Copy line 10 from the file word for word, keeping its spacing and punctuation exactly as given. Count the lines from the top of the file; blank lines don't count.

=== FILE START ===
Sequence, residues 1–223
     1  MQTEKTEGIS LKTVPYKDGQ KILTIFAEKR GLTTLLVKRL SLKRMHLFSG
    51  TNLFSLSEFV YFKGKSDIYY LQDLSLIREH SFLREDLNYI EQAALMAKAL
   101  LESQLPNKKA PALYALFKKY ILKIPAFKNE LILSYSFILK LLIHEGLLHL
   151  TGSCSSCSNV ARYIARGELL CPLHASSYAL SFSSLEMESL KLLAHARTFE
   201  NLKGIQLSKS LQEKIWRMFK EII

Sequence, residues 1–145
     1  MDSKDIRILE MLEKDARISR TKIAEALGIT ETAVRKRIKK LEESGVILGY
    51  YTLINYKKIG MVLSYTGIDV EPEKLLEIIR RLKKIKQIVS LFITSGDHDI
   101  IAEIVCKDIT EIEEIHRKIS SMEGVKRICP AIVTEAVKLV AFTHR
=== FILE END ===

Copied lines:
   101  IAEIVCKDIT EIEEIHRKIS SMEGVKRICP AIVTEAVKLV AFTHR